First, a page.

• Well, that’s why my retirement has been a difficult decision. Yes, I am still having fun, However, I’m 69 years old, I've worked for so many years and I want to have some fun in addition to what I had here. It’s time to go.

NHC receives a lot of positive comments about your hurricane discussions. What makes yours unique?

  • I’ve written more advisories and more discussions than anyone in the history of the hurricane center. I was trained by Neil Frank, Max Mayfield and Bob Sheets. They told me if your discussion is not understood by your grandmother, it’s useless.

What would you consider a good day?

  • For me, it’s when there’s a beautiful hurricane out there, moving through the Atlantic basin and not affecting anyone. One that was well forecast of course.

What’s a bad day?

  • Those storms that are difficult to forecast, that are not well structured and hard to find the center, even if we have a plane investigating.

Looking back at your career, is there something you didn’t do that you wish you would have?

  • No. If I was young again, I would want to do exactly what I did, which is work for the National Hurricane Center, save peoples’ lives and help the Caribbean countries.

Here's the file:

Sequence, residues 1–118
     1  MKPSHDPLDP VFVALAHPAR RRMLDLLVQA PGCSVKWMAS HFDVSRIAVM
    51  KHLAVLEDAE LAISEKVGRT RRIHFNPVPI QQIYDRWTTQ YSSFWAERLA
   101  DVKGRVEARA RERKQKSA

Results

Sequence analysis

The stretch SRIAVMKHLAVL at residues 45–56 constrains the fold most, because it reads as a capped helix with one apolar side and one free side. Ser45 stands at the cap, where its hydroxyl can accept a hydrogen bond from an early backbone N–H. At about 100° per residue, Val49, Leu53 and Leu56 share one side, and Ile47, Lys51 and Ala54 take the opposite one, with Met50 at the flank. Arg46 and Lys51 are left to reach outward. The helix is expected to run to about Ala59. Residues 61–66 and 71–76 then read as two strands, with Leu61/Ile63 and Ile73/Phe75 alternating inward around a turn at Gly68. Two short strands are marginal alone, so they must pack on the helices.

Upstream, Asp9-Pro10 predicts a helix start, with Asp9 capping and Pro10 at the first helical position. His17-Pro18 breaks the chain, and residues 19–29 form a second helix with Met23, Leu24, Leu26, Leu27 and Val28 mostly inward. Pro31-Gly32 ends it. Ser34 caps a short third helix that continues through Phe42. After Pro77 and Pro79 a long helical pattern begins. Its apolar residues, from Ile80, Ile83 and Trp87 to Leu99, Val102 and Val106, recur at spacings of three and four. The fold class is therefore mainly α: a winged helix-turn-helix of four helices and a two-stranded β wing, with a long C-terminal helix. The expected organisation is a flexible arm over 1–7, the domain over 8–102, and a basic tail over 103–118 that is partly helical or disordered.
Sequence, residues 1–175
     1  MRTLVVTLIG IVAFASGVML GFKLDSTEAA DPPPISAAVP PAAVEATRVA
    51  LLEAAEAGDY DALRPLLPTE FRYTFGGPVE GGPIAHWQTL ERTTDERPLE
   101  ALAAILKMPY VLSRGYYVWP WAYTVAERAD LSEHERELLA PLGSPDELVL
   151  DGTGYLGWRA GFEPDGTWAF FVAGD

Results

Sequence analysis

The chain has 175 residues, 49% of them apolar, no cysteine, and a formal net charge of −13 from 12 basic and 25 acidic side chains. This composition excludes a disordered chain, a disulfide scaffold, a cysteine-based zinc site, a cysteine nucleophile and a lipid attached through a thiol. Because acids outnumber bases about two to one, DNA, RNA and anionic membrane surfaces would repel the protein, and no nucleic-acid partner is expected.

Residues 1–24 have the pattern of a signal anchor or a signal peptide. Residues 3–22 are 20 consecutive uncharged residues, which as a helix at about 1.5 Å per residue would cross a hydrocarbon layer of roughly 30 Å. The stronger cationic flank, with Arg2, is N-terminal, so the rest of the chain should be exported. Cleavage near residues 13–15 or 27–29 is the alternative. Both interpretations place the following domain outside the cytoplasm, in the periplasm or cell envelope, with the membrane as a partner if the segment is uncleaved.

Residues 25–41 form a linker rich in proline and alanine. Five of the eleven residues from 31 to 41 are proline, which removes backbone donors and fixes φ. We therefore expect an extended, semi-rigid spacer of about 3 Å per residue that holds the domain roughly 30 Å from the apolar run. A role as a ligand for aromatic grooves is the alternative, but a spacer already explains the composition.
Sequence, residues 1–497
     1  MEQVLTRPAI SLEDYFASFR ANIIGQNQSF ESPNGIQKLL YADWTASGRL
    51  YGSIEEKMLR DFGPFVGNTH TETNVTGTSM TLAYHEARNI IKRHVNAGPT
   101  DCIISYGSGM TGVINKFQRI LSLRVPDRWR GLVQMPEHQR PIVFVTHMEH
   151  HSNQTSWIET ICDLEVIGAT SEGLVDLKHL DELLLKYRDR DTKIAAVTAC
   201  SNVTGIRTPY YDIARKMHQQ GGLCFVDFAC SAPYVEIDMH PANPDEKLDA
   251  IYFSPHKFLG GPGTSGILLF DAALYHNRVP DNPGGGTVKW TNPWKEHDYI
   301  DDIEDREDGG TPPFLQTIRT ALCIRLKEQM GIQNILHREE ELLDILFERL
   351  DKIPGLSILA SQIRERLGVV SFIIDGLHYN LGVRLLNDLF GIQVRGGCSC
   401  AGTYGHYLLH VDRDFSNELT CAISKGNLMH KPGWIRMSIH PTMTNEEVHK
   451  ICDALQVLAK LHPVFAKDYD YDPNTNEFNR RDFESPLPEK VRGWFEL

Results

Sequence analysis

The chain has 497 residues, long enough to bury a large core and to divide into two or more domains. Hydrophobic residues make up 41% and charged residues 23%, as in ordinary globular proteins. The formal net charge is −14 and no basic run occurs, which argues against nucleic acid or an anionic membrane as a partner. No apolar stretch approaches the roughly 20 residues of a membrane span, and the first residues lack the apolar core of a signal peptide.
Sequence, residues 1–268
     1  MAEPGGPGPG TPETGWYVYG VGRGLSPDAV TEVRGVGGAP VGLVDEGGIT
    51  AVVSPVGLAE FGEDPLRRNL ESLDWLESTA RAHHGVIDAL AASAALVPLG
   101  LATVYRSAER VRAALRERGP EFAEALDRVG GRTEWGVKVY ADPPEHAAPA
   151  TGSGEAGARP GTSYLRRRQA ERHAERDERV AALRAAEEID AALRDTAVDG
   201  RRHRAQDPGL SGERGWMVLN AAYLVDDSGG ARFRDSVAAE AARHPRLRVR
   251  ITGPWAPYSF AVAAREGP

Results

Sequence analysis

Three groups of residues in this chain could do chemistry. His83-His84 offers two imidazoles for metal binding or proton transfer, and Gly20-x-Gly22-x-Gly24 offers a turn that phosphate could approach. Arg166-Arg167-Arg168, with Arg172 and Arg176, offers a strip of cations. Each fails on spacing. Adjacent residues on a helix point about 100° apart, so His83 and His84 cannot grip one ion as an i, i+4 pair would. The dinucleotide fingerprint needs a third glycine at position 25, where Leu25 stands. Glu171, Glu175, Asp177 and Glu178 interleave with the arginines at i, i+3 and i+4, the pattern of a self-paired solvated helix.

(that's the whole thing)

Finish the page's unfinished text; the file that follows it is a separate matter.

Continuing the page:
What are you going to miss?

  • The first visible satellite picture in the morning when I come in, especially in the summertime during the hurricane season. And the scientific discussions with my coworkers. We all are like family and we have a very good combination of characters in here, and I love it.

What won’t you miss?

  • The midnight shifts! They are something that were so normal 25-30 years ago. But at my age, it’s difficult.

When the hurricane center is in your rearview mirror, what are going to be doing?

  • The first couple months, I don’t know if I will be crying because I miss the hurricane center or having fun, but I want to relax. And if I am healthy and have the strength, I would love to help the Caribbean countries during the hurricane season, be it through the WMO or another agency, and contribute to the knowledge of hurricanes to the people of the Caribbean.

Anything else you’d like to add?

  • It’s been the most beautiful years of my life and I will never regret for a second that I worked for the best hurricane center in the world.


  • Dr. Avila was awarded the National Hurricane Conference Outstanding Achievement Award (1999), the NOAA Administrator’s Award for Public Education (2000), the Bronze Medal Unit Award for Superior Federal Service (2000), and the National Weather Service Isaac M. Cline National Award for Outreach (2005). He is a Fellow with the American Meteorological Society. Dr. Avila has been nominated twice for an Emmy Award for his participation in a hurricane preparedness television program. Dr. Avila represents the National Hurricane Center in the World Meteorological Organization and is heavily involved in coordinating vital hurricane information and training to that organization in the Caribbean and Central America. He has served as session chairman for the American Meteorological Society Tropical Meteorology Committee.